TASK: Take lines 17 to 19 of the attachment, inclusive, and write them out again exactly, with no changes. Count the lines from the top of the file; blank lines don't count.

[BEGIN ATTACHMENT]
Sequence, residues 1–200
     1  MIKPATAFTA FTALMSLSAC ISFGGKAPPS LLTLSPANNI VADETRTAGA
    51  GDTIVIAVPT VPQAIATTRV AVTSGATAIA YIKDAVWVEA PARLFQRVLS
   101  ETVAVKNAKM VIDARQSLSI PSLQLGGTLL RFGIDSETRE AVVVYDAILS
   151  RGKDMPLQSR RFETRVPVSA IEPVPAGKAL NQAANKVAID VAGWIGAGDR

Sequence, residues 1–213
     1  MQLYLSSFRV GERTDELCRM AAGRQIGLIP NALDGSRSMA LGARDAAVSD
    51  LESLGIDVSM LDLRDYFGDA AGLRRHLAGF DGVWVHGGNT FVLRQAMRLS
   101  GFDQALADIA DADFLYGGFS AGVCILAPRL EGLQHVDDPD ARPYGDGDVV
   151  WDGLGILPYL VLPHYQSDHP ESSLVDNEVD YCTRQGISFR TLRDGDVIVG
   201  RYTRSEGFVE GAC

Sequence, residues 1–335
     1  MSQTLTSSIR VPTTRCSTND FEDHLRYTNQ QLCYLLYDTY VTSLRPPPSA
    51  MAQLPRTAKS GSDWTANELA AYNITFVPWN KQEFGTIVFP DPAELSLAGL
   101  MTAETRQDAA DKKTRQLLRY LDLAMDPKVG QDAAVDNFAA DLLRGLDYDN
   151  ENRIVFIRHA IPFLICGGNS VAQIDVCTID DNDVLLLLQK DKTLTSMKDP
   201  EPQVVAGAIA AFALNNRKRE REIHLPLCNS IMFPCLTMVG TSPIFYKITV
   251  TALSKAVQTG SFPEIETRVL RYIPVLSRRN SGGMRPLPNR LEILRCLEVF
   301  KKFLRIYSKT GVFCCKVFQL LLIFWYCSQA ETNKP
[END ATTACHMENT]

   201  EPQVVAGAIA AFALNNRKRE REIHLPLCNS IMFPCLTMVG TSPIFYKITV
   251  TALSKAVQTG SFPEIETRVL RYIPVLSRRN SGGMRPLPNR LEILRCLEVF
   301  KKFLRIYSKT GVFCCKVFQL LLIFWYCSQA ETNKP